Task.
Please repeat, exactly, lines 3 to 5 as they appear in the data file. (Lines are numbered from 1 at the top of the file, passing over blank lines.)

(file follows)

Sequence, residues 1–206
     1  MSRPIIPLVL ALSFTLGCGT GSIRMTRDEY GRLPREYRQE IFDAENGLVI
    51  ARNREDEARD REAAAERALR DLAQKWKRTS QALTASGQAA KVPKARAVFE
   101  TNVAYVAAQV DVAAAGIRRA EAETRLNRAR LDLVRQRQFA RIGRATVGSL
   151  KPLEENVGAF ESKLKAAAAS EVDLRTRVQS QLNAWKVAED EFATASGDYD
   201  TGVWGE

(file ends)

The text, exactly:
    51  ARNREDEARD REAAAERALR DLAQKWKRTS QALTASGQAA KVPKARAVFE
   101  TNVAYVAAQV DVAAAGIRRA EAETRLNRAR LDLVRQRQFA RIGRATVGSL
   151  KPLEENVGAF ESKLKAAAAS EVDLRTRVQS QLNAWKVAED EFATASGDYD